Gora is a true Tagore novel, rich in philosophical debate on politics and religion with a deep understanding of human emotions. A burning topic of social reform in pre-independence era intertwined with the sweet sour love affair of young hearts makes for quite an interesting read.
Though, as a die hard fan of Tagore’s realistic approach towards the intricacies of life, there is hardly a piece of his writing, that I could ever look over. But, Gora is a different class in itself!
The novel begins on a light note of a young man Binoy being affected by the pangs of love on hearing a Baul singer, and almost instantaneously, falling in love with a beautiful young girl, Sucharita. It turns out that they are next-door neighbors, and a curious turn of events makes Binoy a fast friend of Sucharita’s younger brother, giving him easy entry into her house and social circle. Binoy, with the honest zeal of an ardent lover pines to embrace his lady love in a life long vow of bliss and joy.
But, in keeping with the curious tradition of human heart always being attracted by the forbidden fruit, pretty soon, it turns out that our two young lovers are opposite banks of a flooded, weather struck, naughty monsoon river. A wide gulf of social inhibitions color the understanding of Binoy and Sucharita. And, it becomes apparent that they belong to two different societies- one is a staunch believer of Hindu idols and the other is a passionate modern day reformist. Even before their affair could begin, Binoy is assailed with the doubts of their union, apprehensive of opposition by vehement Brahmanical traditions and overflowing zealous reproach of Christian influenced Brahmo Samaj.
At the crucial point of Binoy’s doubts enters GORA- the main protagonist of the novel. He is a man of contradictions. He is fair-faced, broad-shouldered and excessively tall, resembling more a Britisher, than his own short statured, stocky Brahmin father, Krishnadayal. But, despite his christian looks, Gora is a true blue Hindu. Though, well educated in English and modern studies, he strives for the age old orthodox beliefs of Hindu society. He firmly believes that India can gain freedom and foothold in the modern society, only by strengthening her traditional religious roots. He believes in turning a blind eye to all the bad customs, and continues to look at the brighter side of religion, in bringing unity to a scattered samaj.
A loving son of superstitious Krishnadayal and easygoing Anandamoyi, Gora is a perfect blend of modern ideas bubbling on the potent liquor of age old customs and rituals of Hindu society. It appears as if he is the only man in the entire novel, who has a clear perspective of religion and can comprehend the necessity of saving an old culture from being disintegrated in the name of politics and social reforms. But, what would happen, if it becomes known that the man who is so proud of his Hindu roots, is not a Hindu himself! What if, the whole identity of Gora is challenged by his very own blood? How would he react to his father’s indifference bordering on untouchability? Would his experience with poor Muslim villagers change the way he sees religion? Or, would he continue to believe in the sanctity of old traditions, restricting the poor from living with dignity and respect?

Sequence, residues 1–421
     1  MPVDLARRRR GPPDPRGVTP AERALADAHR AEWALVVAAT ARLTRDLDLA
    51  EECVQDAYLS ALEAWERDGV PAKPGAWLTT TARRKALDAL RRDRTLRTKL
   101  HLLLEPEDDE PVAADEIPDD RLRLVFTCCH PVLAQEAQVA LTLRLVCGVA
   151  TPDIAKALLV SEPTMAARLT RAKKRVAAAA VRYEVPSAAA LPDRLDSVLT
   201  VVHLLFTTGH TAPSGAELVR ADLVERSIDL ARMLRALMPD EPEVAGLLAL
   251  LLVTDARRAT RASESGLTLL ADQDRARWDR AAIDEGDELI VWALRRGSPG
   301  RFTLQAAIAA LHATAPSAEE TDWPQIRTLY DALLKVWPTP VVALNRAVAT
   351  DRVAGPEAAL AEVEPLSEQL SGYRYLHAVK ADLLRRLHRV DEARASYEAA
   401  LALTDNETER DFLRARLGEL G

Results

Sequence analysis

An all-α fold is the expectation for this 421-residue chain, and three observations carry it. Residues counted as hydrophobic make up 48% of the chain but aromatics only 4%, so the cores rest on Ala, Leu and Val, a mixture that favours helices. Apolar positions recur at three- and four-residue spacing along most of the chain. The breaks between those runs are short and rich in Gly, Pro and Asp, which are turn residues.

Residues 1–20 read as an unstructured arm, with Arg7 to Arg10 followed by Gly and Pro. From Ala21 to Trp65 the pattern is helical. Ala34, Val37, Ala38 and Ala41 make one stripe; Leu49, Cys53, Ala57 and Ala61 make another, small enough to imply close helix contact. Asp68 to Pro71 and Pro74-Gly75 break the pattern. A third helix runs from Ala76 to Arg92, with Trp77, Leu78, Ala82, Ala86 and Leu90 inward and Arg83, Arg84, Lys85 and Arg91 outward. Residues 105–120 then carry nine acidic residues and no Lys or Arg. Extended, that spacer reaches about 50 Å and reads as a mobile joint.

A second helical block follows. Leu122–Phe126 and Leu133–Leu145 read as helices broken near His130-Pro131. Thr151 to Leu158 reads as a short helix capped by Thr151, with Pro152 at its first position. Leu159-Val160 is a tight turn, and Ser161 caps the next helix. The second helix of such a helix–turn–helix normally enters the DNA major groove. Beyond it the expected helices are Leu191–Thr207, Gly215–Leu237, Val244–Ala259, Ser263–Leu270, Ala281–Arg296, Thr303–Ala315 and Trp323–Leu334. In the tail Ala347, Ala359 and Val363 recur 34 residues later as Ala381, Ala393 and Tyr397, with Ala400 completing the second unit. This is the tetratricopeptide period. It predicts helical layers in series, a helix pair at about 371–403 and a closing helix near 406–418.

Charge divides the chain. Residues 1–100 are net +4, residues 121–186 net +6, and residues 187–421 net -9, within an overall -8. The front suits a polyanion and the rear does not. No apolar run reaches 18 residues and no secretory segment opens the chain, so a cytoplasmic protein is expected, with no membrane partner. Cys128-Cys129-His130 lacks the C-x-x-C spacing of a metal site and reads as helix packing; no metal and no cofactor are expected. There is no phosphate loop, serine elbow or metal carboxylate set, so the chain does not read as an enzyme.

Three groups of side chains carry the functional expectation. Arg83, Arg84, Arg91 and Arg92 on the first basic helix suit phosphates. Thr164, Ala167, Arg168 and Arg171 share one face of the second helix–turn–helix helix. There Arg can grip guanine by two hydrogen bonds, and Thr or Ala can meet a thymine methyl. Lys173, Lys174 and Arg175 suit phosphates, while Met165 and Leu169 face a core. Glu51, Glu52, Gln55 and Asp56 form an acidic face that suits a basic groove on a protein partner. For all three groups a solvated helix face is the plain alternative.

All this and more is explored in this philosophical study of human emotions. Gora is not just a novel, it is an epic. It brings forth the shallowness of man’s beliefs in the purity of his body and his ignorance of soul’s true agenda in this life. It exhibits the path of self discovery that the characters undertake to understand their true purpose and inclination in life, with great drama being played in the name of religion, freedom and reforms.
The novel is choc-a-bloc with interesting characters. There is self evasive Binoy, who is under deep influence of Gora, and comes across as a genuine friend, muddleheaded with wrong notions of friendship being equivalent to slavery and subservience to your friends’ ideals, juxtaposed against lively, free spirited Lolita, who is not shy of revolting against her own family and society, for following her heart’s desires and true calling. The aggressive Gora is offset against the reticent Sucharita, a symbol of female power, that can bring a man to his knees and change the society with her innocent charm. There is lovable Ananadmoyi, a sharp contrast to contriving Barodashundari and Harimohini, belying the difference between liberal Hindus, revolting Brahmos and traditional ritualists.
I found Gora immensely interesting, despite its long discourses on religion, society and independence. Since, it was written in the early years of Twentieth Century, the idea of India’s freedom appears to be in nascent stage, and many soliloquies are devoted to Gora’s understanding of true India, and in a way, these describe Tagore’s own ideals, juxtaposed against the bitter reality of a battered society. What makes Gora relevant even today, is its universal approach of an undying curiosity of human mind to find its true calling. Though, we are living in an independent country, even today, the oppressive corruption and indifferent society, continues to mar the real purpose of human life.
Peppered with strong characters, Gora the novel sets the mind thinking, heart racing and emotions overflowing. A wonderful treatise by a mastermind indeed!